Broadcasting Legend Retires, Leaves a Legacy on MSU

Ahead of the 30th Anniversary of WDBM's The Impact Receiving Its Official Call Letters in November, Gary Reid Looks Back on his MSU and WKAR Career

From the first days of campus radio in the 1970’s, Gary Reid has been an innovator at Michigan State University’s College of Communication Arts and Sciences and WKAR, where he helped launch the Michigan State Network, which would become WDBM – “The Impact." Now a teaching and broadcasting legend, Reid is retiring, leaving a legacy at MSU.

Reid worked as a university distinguished senior specialist, as well as general manager and director of broadcasting for WKAR/WDBM. Over his career, Reid produced more than 100 musical albums, several national radio series, and numerous productions in TV, film and video. He was inducted into the Michigan Broadcast Hall of Fame in 2007. In 2011, he received the MAB’s highest honor, the Lifetime Achievement Award, becoming the youngest person to earn the recognition.

“Gary is a distinguished broadcaster who has collected many awards and accolades throughout his career, but it’s his mentorship of students that is most impressive to me,” said WKAR General Manager and Director of Broadcasting Susi Elkins. “He has an innate ability to spot and foster talent, and he’s personally helped shepherd the careers of many successful broadcasters in the industry today.”

A Rocker with a Penchant for Physics

Reid followed the airwaves to a long career in broadcast and education, taking an unlikely path.

“I wanted to rock,” said Reid, emphasizing the words with a stage presence.

With a classical training in percussion, he played music for commercials, and he used his riffs to land a gig in a rock n’ roll band, or two or three, including The Shady Trees. In 1968, he shared his talents on his first 45rpm record. Reid points out that rock n’ roll bands were everywhere in his day.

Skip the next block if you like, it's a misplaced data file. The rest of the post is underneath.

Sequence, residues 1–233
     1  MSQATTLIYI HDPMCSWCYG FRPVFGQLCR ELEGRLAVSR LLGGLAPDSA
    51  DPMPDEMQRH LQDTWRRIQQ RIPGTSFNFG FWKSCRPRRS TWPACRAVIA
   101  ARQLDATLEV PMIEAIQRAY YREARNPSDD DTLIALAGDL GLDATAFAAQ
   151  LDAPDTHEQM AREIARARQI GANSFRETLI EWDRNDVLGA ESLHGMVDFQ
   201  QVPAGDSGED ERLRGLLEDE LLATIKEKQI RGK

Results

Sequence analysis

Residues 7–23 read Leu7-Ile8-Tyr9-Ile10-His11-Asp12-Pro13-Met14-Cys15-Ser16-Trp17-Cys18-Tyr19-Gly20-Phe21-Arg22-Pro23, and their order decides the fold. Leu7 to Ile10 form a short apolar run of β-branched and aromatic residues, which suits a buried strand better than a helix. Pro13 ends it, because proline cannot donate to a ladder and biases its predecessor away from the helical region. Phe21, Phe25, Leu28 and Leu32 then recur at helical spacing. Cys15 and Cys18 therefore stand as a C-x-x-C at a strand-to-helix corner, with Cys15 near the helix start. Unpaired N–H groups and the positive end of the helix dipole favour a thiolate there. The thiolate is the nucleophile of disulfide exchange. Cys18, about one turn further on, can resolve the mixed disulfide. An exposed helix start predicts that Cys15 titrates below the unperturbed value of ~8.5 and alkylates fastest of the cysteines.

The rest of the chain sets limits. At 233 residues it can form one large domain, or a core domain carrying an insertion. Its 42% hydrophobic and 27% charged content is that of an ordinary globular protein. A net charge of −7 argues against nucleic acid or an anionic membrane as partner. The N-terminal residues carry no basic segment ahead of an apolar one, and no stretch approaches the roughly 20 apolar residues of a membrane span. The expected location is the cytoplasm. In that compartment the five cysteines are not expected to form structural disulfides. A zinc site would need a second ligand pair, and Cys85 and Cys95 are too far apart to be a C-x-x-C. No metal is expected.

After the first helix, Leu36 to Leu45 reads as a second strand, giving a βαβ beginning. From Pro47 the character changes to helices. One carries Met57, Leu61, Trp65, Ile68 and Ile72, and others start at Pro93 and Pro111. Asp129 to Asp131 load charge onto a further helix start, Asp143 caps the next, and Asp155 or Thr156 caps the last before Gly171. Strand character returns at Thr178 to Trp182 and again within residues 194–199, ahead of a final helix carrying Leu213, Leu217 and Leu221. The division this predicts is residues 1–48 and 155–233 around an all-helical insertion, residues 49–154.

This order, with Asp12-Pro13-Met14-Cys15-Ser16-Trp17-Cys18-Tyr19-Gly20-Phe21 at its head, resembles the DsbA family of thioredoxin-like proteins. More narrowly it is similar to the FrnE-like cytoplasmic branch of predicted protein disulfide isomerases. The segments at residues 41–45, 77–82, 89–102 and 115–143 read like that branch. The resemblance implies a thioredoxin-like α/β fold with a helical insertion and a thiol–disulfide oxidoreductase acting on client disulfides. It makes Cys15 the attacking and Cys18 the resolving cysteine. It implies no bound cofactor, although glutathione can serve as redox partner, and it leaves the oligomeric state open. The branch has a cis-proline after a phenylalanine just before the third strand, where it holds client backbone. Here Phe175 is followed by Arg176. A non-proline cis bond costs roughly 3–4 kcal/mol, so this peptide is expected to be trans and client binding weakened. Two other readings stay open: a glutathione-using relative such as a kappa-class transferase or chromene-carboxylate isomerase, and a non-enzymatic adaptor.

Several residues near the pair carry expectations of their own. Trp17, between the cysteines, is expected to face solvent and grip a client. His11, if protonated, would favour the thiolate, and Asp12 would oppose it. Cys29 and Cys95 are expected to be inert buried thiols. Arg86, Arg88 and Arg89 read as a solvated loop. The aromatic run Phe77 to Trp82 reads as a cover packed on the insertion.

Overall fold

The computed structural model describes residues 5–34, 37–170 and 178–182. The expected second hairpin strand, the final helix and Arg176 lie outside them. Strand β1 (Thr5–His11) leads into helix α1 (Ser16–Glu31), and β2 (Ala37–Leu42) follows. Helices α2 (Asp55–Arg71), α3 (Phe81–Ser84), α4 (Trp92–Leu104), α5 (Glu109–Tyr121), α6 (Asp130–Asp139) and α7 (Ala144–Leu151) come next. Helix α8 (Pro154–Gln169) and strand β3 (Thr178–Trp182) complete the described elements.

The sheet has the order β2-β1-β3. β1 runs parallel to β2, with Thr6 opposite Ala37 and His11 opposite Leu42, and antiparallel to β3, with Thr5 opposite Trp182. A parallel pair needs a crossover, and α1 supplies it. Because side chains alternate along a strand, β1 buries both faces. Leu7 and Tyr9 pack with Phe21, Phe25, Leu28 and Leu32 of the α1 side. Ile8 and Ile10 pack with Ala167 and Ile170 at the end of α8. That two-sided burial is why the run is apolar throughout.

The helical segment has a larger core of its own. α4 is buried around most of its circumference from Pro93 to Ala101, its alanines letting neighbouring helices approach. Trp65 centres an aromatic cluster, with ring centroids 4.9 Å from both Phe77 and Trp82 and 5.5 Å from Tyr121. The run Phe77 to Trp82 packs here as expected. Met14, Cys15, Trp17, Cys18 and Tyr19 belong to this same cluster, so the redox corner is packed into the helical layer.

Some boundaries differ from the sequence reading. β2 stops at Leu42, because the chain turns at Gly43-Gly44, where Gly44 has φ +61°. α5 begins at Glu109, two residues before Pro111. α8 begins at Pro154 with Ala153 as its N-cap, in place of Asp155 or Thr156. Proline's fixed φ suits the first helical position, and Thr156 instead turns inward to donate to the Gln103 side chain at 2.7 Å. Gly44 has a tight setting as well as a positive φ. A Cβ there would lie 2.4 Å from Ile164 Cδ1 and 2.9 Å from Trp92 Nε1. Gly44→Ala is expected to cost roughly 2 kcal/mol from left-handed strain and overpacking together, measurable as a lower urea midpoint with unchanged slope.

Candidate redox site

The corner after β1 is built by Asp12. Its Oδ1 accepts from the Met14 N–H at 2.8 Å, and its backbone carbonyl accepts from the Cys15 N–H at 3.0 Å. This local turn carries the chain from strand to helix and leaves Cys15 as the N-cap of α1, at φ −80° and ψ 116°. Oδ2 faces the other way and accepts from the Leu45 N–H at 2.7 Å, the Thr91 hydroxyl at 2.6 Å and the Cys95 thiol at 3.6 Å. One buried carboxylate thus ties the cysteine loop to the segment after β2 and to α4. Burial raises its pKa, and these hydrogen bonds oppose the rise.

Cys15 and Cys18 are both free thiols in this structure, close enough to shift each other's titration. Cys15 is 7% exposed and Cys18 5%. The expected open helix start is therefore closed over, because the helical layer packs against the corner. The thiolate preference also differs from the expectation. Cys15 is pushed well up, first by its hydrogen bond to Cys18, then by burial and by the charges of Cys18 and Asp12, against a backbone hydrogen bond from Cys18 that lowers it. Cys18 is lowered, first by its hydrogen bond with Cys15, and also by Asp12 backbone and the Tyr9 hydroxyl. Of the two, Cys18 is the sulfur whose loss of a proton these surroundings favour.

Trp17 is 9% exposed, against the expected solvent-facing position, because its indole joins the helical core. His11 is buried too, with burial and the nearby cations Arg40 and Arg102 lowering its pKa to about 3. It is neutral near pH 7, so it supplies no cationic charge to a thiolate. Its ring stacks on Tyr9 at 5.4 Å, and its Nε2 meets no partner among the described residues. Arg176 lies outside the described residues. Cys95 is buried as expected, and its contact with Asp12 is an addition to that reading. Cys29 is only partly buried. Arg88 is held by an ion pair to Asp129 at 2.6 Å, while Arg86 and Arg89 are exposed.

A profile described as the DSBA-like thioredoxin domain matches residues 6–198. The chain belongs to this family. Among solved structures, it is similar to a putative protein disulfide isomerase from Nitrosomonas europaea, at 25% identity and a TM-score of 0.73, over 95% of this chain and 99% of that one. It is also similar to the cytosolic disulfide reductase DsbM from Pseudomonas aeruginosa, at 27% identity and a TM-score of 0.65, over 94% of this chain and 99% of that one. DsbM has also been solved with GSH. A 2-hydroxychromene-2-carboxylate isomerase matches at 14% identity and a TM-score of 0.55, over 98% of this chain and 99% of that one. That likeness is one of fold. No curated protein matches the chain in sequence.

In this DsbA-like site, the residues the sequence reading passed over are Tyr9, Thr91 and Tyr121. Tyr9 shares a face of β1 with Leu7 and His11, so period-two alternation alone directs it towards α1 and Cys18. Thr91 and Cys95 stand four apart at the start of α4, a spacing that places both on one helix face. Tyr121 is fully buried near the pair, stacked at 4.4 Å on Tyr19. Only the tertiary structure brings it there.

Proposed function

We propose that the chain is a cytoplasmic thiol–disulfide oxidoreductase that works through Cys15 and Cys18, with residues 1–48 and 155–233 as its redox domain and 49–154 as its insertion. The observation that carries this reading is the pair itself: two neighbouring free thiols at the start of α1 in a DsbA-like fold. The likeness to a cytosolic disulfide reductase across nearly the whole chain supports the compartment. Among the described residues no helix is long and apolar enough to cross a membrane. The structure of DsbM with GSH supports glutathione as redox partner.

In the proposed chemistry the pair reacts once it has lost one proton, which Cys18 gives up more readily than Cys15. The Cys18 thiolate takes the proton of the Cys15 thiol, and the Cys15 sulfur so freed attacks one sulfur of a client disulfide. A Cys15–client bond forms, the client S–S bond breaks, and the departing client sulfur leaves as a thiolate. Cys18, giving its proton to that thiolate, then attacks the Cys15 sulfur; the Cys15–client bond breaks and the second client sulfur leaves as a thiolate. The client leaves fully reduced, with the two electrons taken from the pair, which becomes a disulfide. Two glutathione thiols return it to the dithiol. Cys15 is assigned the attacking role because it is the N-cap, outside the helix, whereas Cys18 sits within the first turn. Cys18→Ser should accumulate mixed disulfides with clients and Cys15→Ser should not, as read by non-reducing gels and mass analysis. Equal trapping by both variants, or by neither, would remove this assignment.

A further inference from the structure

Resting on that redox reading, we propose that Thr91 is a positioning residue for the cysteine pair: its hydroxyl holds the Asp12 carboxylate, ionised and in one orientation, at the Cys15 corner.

“I was a professional musician when you could be a professional musician,” he said.   

Back in his school days, Reid was one to tinker with analogue radios and tune in to stations on the edge of his reach. A talent for music and a firm grasp of physics combined, leading him to enroll in MSU’s telecommunication program (then the TV & Radio Department). He started his career from the ground up, working first as a student at WKAR TV, where he mixed live sound for national touring artists, and DJ’ed at campus radio stations in McDonel and Wonders Halls.

Since then, Reid has built The Impact into one of the most successful college radio stations in the country. The Michigan Association of Broadcasters and BMI have named WDBM-FM “College Station of the Year” for the past eleven years.

At ComArtSci, Reid taught as one of the first seven faculty in the telecommunication department. His colleagues needed someone who could teach the nuts and bolts of broadcasting, giving students a firm foundation in what it takes to produce good audio. Comfortable behind the scenes, Reid suddenly found himself at the front of the class. He led courses in audio and radio, video production, telecommunication technology and media management. 

“The relationships that he formed in East Lansing, and the impact he made on students for generations is something the world needs more of,” said Alumnus Ryam Schram ‘02. He said Reid set an example for students, with a combination of hard work, friendship and trust.

For eight years, Reid also served as the Director of Undergraduate Studies, where he oversaw the academic programs of approximately 800 majors. He directed and administered the Careers and Internships Program for 25 years. He was one of the original three people promoted to the rank of Senior Academic Specialist when the university created the position.

Reid advocated for the stations, the department and the college, making the extensive audio and visual facilities in the ComArtSci building a reality. He was also instrumental in helping WKAR keep its spectrum, when it moved under the MSU umbrella.